Chapter 3b: the motion, speed and acceleration

There is a motion if the vector mov5 changes over time. We can thus note this dependence mov6. The variation of position is thus the motion. Noting the position of the object P1, P2, P3, … at consecutive times t1, t2, t3, … , we can introduce the displacement vector mov8 as the vector mov7, and if the objects continues to move, mov9, etc.


Several observations can be made at this point:

  • the position mov10 is the addition of the previous position mov11 with the displacement mov8.


  • the displacement mov13 equals the sum of the displacements mov8 and mov14.


  • it may look obvious, but there is always one position more than there are displacements. As a result, it is impossible to determine the position of the object from its displacements alone. We will need at least one of its positions.

We introduced here the addition operator + on vectors. In the Cartesian system, it is easy to see that the addition and the subtraction operators are simply the mathematical + and – operators applied on the numbers corresponding to the coordinates.


The average speed

Now that the displacements are defined, we can consider that it doesn’t take the same time to make the displacement between P1 and P5 directly or with the intermediate steps. The average speed is defined as the displacement by unit of time. At the initial time t1, the object was at the position P1 defined by the position vector . At the time t2, the particle has moved from this position to the position P2, defined by the position vector . The average speed between these two positions is thus the displacement of the object  divided by the interval of time t2-t1.


The speed is said to be average because it depends upon the two chosen positions. One common notation in mathematics is to write differences of two values by the sign Δ. We can thus write


That we can also write, with the explicit dependence over the time:


The instantaneous speed

One concept is now to get rid of the two positions to define an instantaneous speed, associated to a given position and a given time. To do so, we will bring the second point closer from the first and see what happens. We can’t only chose one point because the division by zero is not allowed. However, if this ratio continues to exist when the two points are almost identical, then the instantaneous speed is this value.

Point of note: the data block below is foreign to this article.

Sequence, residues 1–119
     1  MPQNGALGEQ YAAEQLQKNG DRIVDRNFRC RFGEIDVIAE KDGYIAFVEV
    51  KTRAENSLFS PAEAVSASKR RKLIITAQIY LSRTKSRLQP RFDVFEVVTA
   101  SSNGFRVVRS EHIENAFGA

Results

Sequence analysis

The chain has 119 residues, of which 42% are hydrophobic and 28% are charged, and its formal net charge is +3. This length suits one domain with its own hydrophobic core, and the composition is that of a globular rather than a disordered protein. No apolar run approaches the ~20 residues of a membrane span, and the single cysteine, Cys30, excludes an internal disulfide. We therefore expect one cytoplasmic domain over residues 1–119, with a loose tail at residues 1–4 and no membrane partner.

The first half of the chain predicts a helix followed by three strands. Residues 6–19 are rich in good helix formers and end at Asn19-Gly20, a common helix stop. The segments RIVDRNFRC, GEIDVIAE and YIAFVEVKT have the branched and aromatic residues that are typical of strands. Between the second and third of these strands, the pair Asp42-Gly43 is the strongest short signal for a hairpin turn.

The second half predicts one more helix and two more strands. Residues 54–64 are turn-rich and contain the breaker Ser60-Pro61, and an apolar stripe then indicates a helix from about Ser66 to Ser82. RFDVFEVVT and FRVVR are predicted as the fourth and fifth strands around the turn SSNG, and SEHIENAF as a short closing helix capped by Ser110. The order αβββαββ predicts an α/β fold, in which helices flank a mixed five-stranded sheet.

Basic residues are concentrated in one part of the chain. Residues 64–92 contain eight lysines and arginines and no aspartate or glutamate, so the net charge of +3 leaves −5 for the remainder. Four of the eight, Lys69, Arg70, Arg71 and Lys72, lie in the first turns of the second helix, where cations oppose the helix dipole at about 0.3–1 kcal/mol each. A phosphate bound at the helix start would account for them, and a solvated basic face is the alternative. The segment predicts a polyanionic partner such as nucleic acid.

It is also the definition of the derivative of the position  with regards to the time, calculated at t1. The limit towards zero of Δ will be noted d to obtain the notation corresponding to the usual derivative.


To indicate at which time we look for the speed, we use the notation


Each component of the speed is given by the derivative of the corresponding component of the position with regards to the time.


The acceleration

The same way we defined the speed as the variation of the position over time, the acceleration a is the variation of speed over time. We define an average acceleration as


and the instantaneous acceleration as the derivative of the speed vector with regards to the time.


The acceleration can be obtained directly from the position by taking its second derivative. We introduce the notations


Note the difference of position of the square exponent: it is the derivative d/dt that is taken twice, not the object of the derivative. It is more evident if we use the definition of the derivative explicitly:

From acceleration to speed

As the acceleration is a difference of speed, there is thus always one acceleration less than there are speeds. From a speed at a time t1, on can determine the speed at a time t2 if we are given the acceleration during the interval of time.


From point to point, we can thus determine the speed:


We can generalise this as


Obviously, the sum of the intervals of times equals the elapsed time:


At the limit of the discrete time jumps, the sum becomes an integration


From the speed to the position

We can apply the same method on the speed to obtain the position:


Let insist on the physical meaning of this:

  • the integration∫ is a sum,
  • this sum is always made on a product,
  • this product always contain an infinitesimal difference (here the time dt) and one finite quantity (here the speed V(t)),
  • the sum ∫ is defined between a point of beginning and a point of end.

The uniform rectilinear motion

A uniform rectilinear motion (URM) is obtained when the speed of the object doesn’t depend upon time. The speed is thus constant and is defined at the initial time t0.


As the speed is constant, the acceleration is thus zero.


The equations for the position in each direction correspond to the equation of a straight line in the three dimensions space.


The uniformly accelerated rectilinear motion

Another simple problem is when the acceleration is constant. Similarly to the URM, here we easily find the speed:


And the position: